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The Boston Horrors and Wahhabism in Chechnya

5:50 PM, Apr 24, 2013 • By STEPHEN SCHWARTZ
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The armed conflicts of the 1990s were in fact neither the “first” nor the “second” Chechen wars. A historian of Caucasian Muslim resistance to the Russians in the 19th century, Moshe Gammer, notes that with the full annexation of the Caucasian territories the tsarist regime began to persecute the local Sufis. The Caucasian Muslims fought back, and Leo Tolstoy wrote sympathetically of them in his last, posthumously-published novel, Hadji Murat. In 1944 came the most traumatic event in Chechen history: their mass deportation to Central Asia by the Stalin regime. Other Caucasian Muslim ethnic groups—notably the Ingush people, who live west of the Chechens and speak a related language—were similarly expelled from their homelands. At least 40 percent of Chechens died on the road of exile, and as many as 60 percent of Ingushes. They were accused falsely of collaboration with the German army, which never reached Chechnya or Ingushetia—even as Chechens, Ingushes, and other Caucasian Muslims fought in Soviet military ranks.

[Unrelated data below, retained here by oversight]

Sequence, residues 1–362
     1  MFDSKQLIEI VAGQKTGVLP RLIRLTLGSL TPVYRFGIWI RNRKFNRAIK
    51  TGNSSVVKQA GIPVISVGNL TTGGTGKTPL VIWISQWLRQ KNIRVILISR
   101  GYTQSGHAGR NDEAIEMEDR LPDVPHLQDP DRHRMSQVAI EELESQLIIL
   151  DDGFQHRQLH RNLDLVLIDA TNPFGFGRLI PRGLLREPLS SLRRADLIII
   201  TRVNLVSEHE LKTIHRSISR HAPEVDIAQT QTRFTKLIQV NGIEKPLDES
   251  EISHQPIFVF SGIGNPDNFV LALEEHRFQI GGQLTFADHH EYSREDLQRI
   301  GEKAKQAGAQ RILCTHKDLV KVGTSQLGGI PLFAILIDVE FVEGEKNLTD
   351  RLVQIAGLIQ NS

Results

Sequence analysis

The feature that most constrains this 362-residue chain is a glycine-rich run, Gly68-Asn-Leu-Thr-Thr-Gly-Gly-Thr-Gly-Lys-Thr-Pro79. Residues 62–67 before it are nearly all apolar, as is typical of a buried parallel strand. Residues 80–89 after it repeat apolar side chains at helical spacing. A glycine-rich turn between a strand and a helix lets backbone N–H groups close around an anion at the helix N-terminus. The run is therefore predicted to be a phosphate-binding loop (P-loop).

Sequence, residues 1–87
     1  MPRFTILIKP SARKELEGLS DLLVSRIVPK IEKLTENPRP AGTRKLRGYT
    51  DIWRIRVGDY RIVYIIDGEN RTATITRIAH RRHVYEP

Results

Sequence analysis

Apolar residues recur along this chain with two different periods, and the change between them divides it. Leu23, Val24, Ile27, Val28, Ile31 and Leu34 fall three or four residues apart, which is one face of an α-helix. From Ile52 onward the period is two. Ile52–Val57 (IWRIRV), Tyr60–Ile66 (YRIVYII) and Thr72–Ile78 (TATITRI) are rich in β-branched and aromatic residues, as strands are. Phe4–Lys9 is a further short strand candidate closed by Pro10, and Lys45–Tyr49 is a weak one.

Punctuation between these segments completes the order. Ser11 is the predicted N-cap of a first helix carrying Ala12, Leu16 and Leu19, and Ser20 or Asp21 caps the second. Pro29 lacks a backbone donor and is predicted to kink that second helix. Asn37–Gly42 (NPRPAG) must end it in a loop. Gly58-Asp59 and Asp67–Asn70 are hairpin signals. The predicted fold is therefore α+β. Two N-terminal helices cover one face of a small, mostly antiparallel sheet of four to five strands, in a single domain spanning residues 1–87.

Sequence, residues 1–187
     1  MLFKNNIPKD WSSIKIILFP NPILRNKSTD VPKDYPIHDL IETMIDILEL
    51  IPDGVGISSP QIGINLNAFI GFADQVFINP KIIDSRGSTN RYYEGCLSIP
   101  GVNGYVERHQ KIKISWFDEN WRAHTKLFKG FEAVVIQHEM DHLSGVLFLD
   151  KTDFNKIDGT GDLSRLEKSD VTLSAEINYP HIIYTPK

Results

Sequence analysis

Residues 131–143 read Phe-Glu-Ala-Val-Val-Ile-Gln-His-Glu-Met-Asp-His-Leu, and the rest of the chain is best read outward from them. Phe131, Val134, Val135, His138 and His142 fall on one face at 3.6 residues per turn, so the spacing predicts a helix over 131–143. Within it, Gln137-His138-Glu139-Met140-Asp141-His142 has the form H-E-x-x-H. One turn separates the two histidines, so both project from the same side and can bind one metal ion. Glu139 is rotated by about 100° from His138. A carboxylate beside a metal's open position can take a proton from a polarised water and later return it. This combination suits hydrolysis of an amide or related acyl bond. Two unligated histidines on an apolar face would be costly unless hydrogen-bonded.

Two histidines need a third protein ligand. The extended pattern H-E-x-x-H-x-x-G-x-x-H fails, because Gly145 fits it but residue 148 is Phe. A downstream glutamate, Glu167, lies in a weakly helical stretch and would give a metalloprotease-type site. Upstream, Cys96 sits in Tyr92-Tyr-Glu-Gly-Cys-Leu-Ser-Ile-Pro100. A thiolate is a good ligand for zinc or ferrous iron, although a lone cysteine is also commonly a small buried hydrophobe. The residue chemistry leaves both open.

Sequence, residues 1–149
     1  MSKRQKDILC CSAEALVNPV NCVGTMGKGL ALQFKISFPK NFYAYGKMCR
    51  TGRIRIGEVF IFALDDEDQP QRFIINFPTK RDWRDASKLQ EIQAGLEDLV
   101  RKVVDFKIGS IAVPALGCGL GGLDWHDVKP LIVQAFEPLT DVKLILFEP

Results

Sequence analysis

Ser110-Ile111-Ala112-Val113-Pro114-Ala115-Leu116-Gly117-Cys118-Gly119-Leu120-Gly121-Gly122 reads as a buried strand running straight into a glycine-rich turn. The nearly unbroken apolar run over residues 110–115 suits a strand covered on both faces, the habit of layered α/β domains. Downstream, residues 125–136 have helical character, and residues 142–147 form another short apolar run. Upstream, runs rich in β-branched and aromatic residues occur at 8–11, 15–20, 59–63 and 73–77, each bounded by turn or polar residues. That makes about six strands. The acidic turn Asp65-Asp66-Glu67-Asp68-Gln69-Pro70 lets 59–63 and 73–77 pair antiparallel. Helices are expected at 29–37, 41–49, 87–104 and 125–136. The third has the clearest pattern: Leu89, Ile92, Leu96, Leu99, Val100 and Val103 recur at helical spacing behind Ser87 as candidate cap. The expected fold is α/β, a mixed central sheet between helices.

Chechens reported to Sufis in the West, late in the 1990s, that Wahhabis had entered the republic and were destroying cemeteries. As elsewhere in Muslim societies, the Sufis were the first victims of the fanatics—but not the last. And as seen in Boston, the embrace of Wahhabism leads to terrorist attacks against non-Muslims as well.

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